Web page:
Showing posts from June, 2012

Colonia del Sacramento, Uruguay...Doors, Windows and Passageways

I took a little trip across the Rio de la Plata to Colonia del Sacramento, Uruguay. Uruguayis a country in the southeastern part of South America. It is home to about 3.3 million people,of whom 1.8 million live in the capital Montevideo. An estimated 88% of the population are of European descent. Colonia(formerly the Portuguese Colónia do Sacramento) is a city in southwestern Uruguay, by the Río de la Plata, facing Buenos Aires, Argentina. It is the oldest town in Uruguay and a UNESCO World Heritage Site. It has a population of around 22,000.
It has an interesting history. Founded in 1680 by Portugal as Colónia do Sacramento, the colony was later disputed by the Spanish who settled on the opposite bank of the river at Buenos Aires. The colony was conquered by José de Garro in 1680, but returned to Portugal the next year. It was conquered again by the Spanish in March 1705 after a siege of five months, but given back in the Treaty of Utrecht. Another attack during the Spanish-Portuguese…

Adventure Touring Motorcycle Review

Here is a video reviewing adventure touring motorcycles including the BMW R1200GS, Yamaha XT1200Z Super Tenere, Triumph Tiger Explorer 1200 and KTM 990 Adventure. Pity that they left out the Suzuki DR650... they don't know what they are missing.

Husqvarna TE310 bike review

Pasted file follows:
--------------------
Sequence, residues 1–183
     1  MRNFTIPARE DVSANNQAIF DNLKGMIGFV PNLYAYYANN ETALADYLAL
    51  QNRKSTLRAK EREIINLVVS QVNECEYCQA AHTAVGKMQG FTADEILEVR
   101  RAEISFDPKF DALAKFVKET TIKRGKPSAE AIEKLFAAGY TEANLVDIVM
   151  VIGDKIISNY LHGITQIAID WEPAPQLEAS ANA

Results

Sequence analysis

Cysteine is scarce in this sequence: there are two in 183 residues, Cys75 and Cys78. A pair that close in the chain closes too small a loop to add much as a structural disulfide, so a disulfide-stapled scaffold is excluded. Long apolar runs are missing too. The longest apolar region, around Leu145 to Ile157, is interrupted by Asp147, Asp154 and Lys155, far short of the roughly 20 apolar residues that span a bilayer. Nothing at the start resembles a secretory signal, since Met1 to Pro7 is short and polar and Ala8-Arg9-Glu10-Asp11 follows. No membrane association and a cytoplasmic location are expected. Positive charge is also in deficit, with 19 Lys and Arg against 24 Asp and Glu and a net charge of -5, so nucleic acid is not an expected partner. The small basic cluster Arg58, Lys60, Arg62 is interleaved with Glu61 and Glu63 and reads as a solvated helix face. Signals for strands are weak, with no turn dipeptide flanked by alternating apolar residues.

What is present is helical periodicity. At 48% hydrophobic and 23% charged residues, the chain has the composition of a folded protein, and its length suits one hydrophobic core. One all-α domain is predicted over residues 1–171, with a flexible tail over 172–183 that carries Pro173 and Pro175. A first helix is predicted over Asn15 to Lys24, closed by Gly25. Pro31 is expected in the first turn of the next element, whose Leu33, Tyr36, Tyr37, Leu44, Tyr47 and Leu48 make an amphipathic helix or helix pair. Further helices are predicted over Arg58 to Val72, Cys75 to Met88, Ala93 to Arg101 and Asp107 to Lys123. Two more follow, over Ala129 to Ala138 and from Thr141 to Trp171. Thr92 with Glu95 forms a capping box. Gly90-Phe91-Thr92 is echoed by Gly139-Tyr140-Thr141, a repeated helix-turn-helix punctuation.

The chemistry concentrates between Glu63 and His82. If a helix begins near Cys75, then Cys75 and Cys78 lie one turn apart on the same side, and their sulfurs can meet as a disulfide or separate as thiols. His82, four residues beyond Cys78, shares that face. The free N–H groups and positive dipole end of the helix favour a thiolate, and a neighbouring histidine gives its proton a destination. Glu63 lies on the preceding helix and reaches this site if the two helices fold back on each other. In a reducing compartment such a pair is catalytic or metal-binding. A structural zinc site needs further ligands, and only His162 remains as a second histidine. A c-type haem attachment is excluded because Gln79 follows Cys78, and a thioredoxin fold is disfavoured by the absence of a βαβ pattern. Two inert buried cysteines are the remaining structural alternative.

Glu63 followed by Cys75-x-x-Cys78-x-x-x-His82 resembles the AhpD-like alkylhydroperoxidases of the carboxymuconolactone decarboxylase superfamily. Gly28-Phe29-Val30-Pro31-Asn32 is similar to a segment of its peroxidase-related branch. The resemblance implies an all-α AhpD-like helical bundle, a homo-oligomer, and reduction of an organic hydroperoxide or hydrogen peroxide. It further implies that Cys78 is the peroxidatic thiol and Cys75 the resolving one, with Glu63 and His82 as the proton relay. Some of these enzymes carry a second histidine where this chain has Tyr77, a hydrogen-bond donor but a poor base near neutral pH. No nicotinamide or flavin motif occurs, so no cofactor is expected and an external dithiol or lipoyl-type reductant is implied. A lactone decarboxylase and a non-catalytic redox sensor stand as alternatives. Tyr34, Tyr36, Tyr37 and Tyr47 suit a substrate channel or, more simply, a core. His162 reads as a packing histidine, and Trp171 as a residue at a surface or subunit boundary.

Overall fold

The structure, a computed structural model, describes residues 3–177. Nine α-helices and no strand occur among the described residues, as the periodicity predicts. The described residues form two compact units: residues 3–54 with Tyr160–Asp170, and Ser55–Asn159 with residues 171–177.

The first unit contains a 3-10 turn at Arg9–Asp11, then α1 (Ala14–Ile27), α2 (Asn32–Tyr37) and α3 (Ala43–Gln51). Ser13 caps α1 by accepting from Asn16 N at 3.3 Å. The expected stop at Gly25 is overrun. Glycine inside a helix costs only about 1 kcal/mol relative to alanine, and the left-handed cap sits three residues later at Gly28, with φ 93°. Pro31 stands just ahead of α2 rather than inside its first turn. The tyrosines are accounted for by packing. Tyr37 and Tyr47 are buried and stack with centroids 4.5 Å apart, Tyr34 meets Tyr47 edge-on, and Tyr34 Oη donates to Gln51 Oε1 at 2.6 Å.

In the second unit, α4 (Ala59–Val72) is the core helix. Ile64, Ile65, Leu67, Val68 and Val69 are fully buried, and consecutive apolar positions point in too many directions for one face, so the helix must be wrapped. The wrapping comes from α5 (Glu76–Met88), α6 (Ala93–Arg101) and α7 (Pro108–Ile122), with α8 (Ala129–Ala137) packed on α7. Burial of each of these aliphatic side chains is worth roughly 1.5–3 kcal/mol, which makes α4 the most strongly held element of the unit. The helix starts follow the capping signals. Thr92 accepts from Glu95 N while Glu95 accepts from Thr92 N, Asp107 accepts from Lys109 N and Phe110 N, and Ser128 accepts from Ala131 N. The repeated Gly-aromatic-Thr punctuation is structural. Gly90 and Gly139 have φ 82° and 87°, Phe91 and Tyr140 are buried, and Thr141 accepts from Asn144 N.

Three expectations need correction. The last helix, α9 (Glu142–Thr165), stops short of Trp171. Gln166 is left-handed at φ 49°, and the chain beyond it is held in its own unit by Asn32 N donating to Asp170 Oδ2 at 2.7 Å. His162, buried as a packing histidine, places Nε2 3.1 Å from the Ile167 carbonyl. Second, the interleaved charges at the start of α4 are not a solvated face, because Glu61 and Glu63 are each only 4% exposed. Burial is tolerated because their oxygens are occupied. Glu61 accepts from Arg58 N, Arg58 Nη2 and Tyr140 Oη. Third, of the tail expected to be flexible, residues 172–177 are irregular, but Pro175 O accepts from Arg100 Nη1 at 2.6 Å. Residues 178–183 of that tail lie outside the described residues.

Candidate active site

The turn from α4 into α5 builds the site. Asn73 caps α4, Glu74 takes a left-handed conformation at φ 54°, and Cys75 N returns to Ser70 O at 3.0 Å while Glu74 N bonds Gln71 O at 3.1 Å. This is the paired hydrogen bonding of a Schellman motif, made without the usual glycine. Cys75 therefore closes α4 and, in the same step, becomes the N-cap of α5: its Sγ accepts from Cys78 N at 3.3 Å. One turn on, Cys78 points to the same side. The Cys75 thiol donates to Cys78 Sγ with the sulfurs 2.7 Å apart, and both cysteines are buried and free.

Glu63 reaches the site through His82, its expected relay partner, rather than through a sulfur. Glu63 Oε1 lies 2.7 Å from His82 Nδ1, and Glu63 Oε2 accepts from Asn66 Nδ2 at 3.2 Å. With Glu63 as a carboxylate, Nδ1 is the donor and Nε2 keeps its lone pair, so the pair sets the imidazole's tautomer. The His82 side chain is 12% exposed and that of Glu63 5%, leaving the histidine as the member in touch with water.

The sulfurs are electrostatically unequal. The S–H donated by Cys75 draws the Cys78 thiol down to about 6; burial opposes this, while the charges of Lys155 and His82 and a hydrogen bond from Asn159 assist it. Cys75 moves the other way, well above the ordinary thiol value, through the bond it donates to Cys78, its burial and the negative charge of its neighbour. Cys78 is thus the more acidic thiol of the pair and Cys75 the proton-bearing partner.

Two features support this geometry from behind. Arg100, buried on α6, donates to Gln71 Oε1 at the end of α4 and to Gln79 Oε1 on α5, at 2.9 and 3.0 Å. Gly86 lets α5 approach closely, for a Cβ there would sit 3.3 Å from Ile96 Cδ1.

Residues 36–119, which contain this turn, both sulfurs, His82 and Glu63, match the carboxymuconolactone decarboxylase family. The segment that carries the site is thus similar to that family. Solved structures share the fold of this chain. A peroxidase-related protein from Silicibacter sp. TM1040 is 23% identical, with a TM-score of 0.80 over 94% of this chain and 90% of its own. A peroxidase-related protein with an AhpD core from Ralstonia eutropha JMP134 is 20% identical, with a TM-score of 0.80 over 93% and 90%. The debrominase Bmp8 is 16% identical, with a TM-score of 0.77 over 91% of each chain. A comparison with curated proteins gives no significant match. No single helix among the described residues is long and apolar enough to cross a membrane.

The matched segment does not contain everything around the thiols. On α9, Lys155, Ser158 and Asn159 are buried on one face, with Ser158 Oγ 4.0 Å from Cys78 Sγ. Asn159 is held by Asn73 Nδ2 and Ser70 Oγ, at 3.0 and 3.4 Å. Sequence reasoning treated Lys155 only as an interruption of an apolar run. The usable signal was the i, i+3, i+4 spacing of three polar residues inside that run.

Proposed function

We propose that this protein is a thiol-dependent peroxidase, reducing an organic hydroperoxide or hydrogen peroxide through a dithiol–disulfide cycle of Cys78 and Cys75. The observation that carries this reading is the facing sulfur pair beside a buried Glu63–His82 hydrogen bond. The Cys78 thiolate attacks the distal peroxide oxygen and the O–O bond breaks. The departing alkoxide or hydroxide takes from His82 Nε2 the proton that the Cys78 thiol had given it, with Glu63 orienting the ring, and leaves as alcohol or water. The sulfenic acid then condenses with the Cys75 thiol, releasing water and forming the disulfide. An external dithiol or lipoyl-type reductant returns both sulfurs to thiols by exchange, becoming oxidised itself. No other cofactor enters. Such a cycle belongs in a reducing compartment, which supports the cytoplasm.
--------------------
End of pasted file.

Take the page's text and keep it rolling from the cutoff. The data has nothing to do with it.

Here is a review of the Husqvarna TE310 dual sport bike. I'm liking it.

Buenos Aires... Tango

On my final night in Buenos Aires I went to watch Tango.
I visited dance hall called a Milonga. There was some pretty serious dancing going on.
A band called El Afronte was providing the tunes.
Here is a short 4 minute video of El Afronte.

Buenos Aires... El Ateneo Bookstore

I visited El Ateneo bookstore. It is a pretty normal bookstore from the outside, although it has a fancy facade. Inside there are shelves of books. A typical section with travel books. A typical section with cookbooks. A typical cafe. They do have some art on temporary display. And the bookstore has five levels
But, the amazing thing about this bookstore is that it is built within an old opera house. There are rows of books on the floor and throughout the balconies.
These nooks used to be balcony seats.
That now serve as reading rooms.
There is still a chandelier.
And frescos painted on the ceiling.
A nice place to browse for a book or two.